Professors train the next generation of health information technology managers Responding to emerging needs in health care and a federal push for reforming the use of health information technology, Western Michigan University has created the Center for Health Information Technology Advancement. The center, also known as CHITA, integrates the talents of WMU faculty and students to conduct research projects and develop education programs. The center’s advisory council has determined that preparing the future workers and leaders in the industry is a top priority among the pressing issues surrounding health care and the use of technology. “We know this is an opportunity for WMU to get involved with the live challenges facing health care providers,” says Dr. Bernard Han, founding director of the center and a professor of business information systems. Han and the center’s associate director, Dr. Sharie Falan, a nursing professor, worked with WMU faculty and crafted a new cross-disciplinary undergraduate curriculum, Health Informatics and Information Management. The program recognizes the convergence of health care processes and business information technology. The center’s leaders expect that Han Falan undergraduate students will be able to enroll in the program as early as this fall, following approval from the Presidents Council, State Universities of Michigan. The program offers students the chance to train and mentor with faculty members in a variety of disciplines and graduate with a major or minor. This fall, the major and minor are offered at both the Haworth College of Business and the College of Health and Human Services. “We find that the opportunity to put our students from nursing and business information systems together to solve real client problems presents optimal learning experiences,” Falan says. “These students also learn the cultures of health care and business,” she adds.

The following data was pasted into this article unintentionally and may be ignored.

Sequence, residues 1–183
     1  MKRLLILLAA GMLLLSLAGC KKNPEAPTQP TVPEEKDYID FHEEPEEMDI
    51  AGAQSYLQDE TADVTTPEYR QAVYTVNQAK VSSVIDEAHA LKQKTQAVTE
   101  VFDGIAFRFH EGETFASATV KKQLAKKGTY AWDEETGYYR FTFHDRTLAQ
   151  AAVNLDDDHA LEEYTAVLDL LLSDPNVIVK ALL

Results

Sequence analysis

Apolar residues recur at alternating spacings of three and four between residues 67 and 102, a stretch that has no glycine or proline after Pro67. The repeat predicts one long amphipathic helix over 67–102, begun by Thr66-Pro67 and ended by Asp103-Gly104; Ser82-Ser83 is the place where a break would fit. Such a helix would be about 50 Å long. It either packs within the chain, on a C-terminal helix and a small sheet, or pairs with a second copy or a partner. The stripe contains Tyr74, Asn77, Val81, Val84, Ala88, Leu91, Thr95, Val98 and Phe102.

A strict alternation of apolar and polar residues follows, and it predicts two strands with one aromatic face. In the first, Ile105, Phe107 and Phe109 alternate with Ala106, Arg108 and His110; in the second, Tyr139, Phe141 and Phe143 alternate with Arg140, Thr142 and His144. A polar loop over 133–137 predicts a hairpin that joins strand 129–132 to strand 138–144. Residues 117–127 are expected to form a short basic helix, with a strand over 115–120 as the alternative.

For example, in fall 2010 a pilot classroom project had graduate-level nursing students working with undergraduate students from the business college on actual health care issues identified by local area hospitals. Students contributed knowledge from their respective disciplines to develop solutions to the problems they were given. Demonstrating the pilot project’s success, two of the students involved in the project were hired by a regional hospital and an industrial company as a result of their experience gained in the project. In the coming years, CHITA will explore the creation of a consortium that includes local health care providers, health information technology consulting firms and information technology vendors. The hope is that the consortium will also be expanded to include international members to jointly address issues that have global implications. “By working with local health care providers, at least initially, students will be given the chance to assess and solve real problems in their community, and that experience is vital,” Falan says. For now, however, WMU-CHITA is in the process of securing funds to fully launch the Health Informatics and Information Management program. Because health information technology is an emergent area of study, some observations and trial practices will need to be implemented. If a three-year grant can be secured, the directors of CHITA plan to provide more definite services to students through partnerships with the community. That will help grow the program. For more information on CHITA or to view the articles submitted at ICHITA-2011, visit, or contact Dr. Bernard Han at and Dr. Sharie Falan at 13